No. 2 Senate Republican: 'No timeline' on ObamaCare replacement bill
© Greg Nash

Senate Republicans are signaling they are in no hurry to move legislation to repeal and replace ObamaCare after it passed the House Thursday.

“There is no timeline,” Sen. John CornynJohn CornynAfter Texas shooting, lawmakers question whether military has systemic reporting problem Overnight Defense: Lawmakers question military's lapse after Texas shooting | Trump asks North Korea to 'make a deal' | Senate panel approves Army pick Overnight Regulation: House passes bill to overturn joint-employer rule | Trump officials to allow work requirements for Medicaid | Lawmakers 'alarmed' by EPA's science board changes MORE (Texas), the Senate’s No. 2 Republican, said when he was asked about a schedule for when the Senate could move a bill.

Asked if action during the current work period running through the end of the month was “realistic,” he added: “There is no timeline. When we get 51 senators, we’ll vote.”

The House narrowly passed legislation, the American Health Care Act,  in a 217-213 vote, fulfilling a years-long pledge and sending the bill to the Senate.

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Sen. Roy BluntRoy Dean BluntWe must fund community health centers now Overnight Tech: Senators demand tech firms do more on Russian meddling | House Intel releases Russian-promoted ads | Apple CEO says 'fake news' bigger threat than ads | Ex-Yahoo CEO, Equifax execs to testify on breaches Facebook: Clinton, Trump campaigns spent a combined M on ads MORE (R-Mo.), a member of GOP leadership, also signaled that Republicans are focused on getting a deal that can pass rather than sticking to a specific timeline.

“I can’t imagine there will be a rush to take up the bill as much as a real concentrated effort to find where the 51 votes might be if the 51 votes are still available,” he told reporters.  

The House GOP bill is expected to have to undergo significant changes in the upper chamber to meet budgetary rules that would allow it to block a Democratic filibuster.

Sen. Chuck GrassleyCharles (Chuck) Ernest GrassleySenators push mandatory sexual harassment training for members, staff Senate panel to hold hearing on bump stocks, background checks Senate panel to hold hearing on bump stocks MORE (R-Iowa), the chairman of the Judiciary Committee, said he had been asked if lawmakers would be able to pass a bill by June 19 — a key date for insurance companies — but couldn't commit to the timeline.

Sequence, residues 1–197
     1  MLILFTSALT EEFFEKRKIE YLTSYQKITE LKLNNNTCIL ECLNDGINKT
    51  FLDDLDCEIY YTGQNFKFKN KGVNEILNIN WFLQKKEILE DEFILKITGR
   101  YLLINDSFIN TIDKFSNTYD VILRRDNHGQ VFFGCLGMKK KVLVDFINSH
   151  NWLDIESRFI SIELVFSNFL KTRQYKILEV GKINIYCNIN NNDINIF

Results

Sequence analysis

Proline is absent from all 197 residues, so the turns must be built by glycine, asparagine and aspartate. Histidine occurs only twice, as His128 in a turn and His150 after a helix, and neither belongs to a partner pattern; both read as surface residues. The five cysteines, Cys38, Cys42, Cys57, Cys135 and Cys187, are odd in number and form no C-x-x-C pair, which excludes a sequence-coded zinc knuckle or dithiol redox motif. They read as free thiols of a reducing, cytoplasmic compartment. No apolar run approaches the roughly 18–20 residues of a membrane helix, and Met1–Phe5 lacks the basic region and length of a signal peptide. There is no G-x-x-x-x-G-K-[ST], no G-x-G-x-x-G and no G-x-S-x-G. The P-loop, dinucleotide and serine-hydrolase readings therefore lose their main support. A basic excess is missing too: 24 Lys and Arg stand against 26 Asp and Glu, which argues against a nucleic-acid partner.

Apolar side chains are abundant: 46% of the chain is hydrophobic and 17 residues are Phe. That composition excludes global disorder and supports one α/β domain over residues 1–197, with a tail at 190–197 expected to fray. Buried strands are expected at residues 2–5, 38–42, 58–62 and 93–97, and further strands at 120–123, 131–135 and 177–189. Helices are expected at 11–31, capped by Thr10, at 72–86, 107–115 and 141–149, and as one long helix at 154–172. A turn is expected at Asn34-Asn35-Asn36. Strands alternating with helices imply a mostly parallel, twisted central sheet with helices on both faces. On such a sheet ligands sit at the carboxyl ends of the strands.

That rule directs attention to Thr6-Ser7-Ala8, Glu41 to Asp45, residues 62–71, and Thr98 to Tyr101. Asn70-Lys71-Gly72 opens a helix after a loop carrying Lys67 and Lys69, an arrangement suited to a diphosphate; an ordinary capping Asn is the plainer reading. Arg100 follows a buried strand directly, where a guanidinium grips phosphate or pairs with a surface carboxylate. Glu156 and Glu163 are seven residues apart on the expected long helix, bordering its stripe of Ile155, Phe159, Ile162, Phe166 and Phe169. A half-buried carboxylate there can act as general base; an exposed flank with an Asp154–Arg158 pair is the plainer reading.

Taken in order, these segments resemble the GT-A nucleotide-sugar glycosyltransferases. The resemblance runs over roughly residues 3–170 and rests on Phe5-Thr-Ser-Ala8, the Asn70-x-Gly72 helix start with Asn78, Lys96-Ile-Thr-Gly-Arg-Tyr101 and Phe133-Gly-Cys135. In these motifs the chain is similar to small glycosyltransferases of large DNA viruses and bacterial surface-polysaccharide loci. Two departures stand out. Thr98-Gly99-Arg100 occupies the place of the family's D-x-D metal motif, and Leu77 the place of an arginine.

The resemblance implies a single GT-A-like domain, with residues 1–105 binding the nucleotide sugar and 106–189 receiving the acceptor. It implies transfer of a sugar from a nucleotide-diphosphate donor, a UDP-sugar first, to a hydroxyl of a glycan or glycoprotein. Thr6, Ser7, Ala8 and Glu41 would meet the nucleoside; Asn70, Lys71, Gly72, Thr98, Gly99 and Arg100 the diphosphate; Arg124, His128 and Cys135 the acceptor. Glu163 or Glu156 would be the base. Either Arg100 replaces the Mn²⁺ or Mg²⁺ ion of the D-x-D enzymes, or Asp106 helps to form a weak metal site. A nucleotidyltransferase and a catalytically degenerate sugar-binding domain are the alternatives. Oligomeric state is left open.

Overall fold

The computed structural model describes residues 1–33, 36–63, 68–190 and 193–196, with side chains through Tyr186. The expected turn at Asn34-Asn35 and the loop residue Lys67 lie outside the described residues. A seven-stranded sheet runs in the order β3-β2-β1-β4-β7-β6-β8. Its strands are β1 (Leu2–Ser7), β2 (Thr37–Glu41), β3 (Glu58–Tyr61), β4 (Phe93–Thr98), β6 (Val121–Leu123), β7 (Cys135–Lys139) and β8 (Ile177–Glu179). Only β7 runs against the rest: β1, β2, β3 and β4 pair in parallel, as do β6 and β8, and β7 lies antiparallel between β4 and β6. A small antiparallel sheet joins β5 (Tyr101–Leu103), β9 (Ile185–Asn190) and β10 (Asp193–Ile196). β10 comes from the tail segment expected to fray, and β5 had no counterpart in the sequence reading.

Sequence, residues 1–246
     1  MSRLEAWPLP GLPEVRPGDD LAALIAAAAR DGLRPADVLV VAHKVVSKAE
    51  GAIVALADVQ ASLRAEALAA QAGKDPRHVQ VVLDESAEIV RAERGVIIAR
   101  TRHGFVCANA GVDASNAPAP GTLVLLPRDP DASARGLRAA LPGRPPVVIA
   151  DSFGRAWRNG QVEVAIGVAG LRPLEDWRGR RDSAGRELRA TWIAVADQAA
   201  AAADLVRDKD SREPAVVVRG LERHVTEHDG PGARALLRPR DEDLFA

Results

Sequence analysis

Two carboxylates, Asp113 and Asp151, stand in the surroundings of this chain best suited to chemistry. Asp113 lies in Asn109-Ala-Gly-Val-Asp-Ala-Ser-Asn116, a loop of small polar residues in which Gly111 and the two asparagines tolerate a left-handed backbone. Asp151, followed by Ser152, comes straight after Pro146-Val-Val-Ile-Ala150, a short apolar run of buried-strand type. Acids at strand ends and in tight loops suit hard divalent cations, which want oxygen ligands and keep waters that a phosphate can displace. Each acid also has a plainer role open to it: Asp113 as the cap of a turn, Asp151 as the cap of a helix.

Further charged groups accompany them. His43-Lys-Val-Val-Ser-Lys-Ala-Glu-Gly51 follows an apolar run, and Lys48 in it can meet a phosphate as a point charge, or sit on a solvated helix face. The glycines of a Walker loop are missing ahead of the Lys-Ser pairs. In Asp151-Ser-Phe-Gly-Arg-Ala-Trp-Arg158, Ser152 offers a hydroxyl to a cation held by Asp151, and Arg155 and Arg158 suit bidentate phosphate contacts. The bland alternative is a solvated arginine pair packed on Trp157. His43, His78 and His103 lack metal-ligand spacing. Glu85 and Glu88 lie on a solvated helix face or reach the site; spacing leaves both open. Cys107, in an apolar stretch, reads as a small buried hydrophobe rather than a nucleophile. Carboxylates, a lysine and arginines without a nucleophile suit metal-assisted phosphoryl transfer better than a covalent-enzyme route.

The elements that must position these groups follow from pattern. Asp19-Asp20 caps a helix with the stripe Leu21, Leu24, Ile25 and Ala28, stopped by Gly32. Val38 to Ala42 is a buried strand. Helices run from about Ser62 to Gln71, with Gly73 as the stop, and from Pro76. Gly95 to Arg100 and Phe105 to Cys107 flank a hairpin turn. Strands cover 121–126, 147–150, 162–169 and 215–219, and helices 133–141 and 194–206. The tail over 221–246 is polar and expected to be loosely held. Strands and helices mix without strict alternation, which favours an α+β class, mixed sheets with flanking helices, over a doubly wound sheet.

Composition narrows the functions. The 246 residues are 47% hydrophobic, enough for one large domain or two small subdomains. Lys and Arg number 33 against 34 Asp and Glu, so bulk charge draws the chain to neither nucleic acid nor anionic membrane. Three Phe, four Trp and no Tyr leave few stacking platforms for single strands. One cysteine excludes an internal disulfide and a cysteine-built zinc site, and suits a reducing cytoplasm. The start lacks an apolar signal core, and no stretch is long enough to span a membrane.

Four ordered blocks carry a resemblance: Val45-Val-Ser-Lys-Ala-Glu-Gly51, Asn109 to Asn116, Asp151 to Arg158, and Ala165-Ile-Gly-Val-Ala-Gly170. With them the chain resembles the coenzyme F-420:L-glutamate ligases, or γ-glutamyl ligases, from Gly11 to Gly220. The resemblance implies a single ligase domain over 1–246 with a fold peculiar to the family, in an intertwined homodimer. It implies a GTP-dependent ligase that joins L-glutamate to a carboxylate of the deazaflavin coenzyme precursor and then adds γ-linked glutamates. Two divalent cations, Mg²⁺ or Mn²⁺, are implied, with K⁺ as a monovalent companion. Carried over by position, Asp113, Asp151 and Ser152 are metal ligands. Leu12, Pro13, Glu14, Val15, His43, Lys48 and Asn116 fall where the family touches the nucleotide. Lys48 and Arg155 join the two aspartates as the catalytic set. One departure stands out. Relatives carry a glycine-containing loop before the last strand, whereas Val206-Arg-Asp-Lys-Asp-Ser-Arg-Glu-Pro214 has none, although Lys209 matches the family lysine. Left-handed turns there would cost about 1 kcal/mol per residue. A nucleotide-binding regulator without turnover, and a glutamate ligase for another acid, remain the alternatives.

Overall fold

“I said there’s no assurance I can give you from a substance standpoint or a process standpoint for when that’s going to happen because there’s been such little discussion,” he said.

McConnell has convened a working group of senators as they look for legislation that could pass the upper chamber. Cornyn noted the group met for a second time on Thursday. Lawmakers could also need to go a conference with the House to work out their differences, which would drag out the process.

The hedging on a timeline for the Senate comes after Sen. Lindsey GrahamLindsey Olin GrahamCNN to air sexual harassment Town Hall featuring Gretchen Carlson, Anita Hill Trump wrestles with handling American enemy combatants Flake: Trump's call for DOJ to probe Democrats 'not normal' MORE (R-S.C.) raised concerns about the rapid pace the House took to pass the legislation. The House voted on the bill even though it did not have a Congressional Budget Office (CBO) score.

Several moderate GOP senators came out against an initial version of the House bill that was pulled from the floor in March, over concerns about what happens in their states to ObamaCare’s expansion of Medicaid, the federal low-income healthcare program.

Sen. Susan CollinsSusan Margaret CollinsBipartisan group of lawmakers aim to reform US sugar program A bipartisan bridge opens between the House and Senate Gaming the odds of any GOP tax bill getting signed into law MORE (R-Maine) urged her colleagues to not move health legislation quickly.

“I think we should take as long as necessary to do the job right, and we certainly need the CBO analysis on the impact of cost and coverage...before we can produce our own bill,” she told reporters.

GOP Sen. Dean HellerDean Arthur HellerBipartisan group of lawmakers aim to reform US sugar program Dem donor on MSNBC: 'Hopefully we'll get our sh-- together' The Hill interview — DNC chief: I came here to win elections MORE (Nev.), the Senate’s most vulnerable Republican up for reelection, and Rob PortmanRobert (Rob) Jones PortmanSenate GOP reveals different approach on tax reform GOP senators: Moore should step aside if allegations true Senate set for clash with House on tax bill MORE (Ohio) reiterated after the Thursday vote that they could not support the House bill in its current form.